In countries like Venezuela, Brazil and Columbia where drug trafficking is rife, the authorities have seen it all and heard it all. Trying to bullsh*t them about being set up, used as a decoy, framed, innocent, etc does NOT work and being a first-time-offender means nothing! In airports, bus stations, border posts and all other travel facilities the authorities look for tell-tale signs: women travelling alone, new passports, 2 week visits, cash of approx ZAR10,000 (US$1500), signs of nervousness like pulsating arteries in the neck, sweating, eyes darting back and forth… and many other ‘signs’ send an immediate alert.
Think you’re not being watched… think again! Think your smuggling method is new and undetectable?… think again! If the people you’re running for have told you not to worry because everyone at the airport has been “paid”, why are they sending you?? Why are they not picking up their own stock? Because you might be their decoy. They KNOW your chances of getting through are SLIM however, they might have alerted the authorities to watch for you coming through and when you are arrested, while all the fuss is going on, their ‘main man’ walks through with suitcases full of drugs!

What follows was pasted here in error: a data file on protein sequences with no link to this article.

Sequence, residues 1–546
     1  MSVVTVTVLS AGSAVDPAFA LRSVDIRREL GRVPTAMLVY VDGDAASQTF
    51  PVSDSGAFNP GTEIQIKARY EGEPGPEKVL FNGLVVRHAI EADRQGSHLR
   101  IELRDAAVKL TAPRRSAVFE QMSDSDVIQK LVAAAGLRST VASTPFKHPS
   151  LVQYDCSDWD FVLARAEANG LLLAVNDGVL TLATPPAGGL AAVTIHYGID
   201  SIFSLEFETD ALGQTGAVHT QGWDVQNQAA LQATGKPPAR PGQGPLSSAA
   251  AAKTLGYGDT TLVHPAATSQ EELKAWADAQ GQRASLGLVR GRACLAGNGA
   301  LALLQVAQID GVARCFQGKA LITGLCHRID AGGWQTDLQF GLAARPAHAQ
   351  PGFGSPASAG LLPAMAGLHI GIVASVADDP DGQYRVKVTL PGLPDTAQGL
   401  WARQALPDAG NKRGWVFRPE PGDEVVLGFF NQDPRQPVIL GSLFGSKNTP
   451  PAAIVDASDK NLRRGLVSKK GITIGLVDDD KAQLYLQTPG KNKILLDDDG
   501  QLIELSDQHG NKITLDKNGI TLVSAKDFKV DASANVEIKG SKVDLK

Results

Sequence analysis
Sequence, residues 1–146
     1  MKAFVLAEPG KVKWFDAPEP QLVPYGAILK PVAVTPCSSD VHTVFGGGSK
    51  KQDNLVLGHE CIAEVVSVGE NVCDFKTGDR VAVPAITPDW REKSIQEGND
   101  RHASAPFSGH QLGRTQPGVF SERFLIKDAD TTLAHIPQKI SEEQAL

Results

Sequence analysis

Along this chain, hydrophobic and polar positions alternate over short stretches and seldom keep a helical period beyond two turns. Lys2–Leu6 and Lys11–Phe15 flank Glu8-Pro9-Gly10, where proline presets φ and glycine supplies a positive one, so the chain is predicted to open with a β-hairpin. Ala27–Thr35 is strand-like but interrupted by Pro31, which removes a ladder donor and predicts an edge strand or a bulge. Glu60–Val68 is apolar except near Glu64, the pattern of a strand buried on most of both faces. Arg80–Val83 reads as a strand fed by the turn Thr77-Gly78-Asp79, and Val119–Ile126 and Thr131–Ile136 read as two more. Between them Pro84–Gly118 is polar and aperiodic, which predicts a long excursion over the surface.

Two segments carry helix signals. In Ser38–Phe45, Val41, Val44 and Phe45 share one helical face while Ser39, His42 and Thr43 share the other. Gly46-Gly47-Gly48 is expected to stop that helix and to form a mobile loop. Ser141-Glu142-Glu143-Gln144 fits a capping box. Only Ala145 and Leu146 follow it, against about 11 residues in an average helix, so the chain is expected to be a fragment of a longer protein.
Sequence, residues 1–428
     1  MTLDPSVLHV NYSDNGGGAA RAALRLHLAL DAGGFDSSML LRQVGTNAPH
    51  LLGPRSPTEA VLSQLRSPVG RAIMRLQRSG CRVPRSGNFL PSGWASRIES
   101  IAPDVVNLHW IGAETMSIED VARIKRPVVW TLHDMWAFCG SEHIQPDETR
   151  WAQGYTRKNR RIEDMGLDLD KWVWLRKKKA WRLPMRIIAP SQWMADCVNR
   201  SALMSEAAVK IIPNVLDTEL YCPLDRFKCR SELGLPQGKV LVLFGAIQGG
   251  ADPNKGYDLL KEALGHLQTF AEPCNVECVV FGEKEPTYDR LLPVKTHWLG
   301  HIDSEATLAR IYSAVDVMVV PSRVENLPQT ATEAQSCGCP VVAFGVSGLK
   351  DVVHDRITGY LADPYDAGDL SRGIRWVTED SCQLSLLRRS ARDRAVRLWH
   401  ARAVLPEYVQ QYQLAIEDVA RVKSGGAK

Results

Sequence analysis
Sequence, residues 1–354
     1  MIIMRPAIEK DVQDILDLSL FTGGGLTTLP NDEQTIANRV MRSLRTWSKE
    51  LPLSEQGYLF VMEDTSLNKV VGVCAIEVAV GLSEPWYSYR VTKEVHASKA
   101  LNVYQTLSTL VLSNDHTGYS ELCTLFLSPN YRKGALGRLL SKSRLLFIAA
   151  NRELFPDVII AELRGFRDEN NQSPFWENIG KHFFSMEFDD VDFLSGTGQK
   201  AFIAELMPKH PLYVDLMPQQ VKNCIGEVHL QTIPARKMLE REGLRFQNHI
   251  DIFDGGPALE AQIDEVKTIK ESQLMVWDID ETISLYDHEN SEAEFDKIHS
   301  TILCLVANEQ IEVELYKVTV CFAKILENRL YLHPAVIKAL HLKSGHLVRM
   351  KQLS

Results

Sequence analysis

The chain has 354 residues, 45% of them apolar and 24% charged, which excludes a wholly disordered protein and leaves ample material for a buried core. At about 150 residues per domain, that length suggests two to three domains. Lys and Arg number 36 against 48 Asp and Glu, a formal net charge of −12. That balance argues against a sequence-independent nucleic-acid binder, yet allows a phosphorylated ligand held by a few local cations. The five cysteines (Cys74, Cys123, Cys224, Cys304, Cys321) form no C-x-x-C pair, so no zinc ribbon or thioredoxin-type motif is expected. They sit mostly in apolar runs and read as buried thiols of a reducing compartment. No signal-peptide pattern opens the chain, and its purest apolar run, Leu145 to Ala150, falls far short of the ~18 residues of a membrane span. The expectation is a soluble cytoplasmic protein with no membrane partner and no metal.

The loss of the 2 or 3 kg’s that you are carrying is a small price to pay for the passage of a bigger consignment and your life is of no consequence to them. When you’re arrested: The minute you are arrested for having illegal contraband you are regarded as ‘the scum of the earth’ and you WILL be treated as such. Your mom, dad, brother, even your teddy bear will NOT be able to help you. EVERYTHING you have will be taken away from you, including your passport, money, luggage and of course, the contraband you are carrying. With only the clothes on your body, you will be taken to the nearest jail and thrown “in the hole”.
Solitary confinement for 7 to 21 days! As the vultures decend NO ONE will know where you are!!! Your family will become frantic trying to find you. When they bring you out of ‘the hole’… you will be confronted with people who do not speak English!! You’ll be faced with Spanish, French, Thai, Chinese, Arabic… can you speak the lingo of the land? You will have entered an alien world where the only kindness shown will be from the vultures, posing as lawyers, demanding HUGE sums of money (up to US$25,000. 00) to help you. Can they really help you if you pay them this money? Probably not.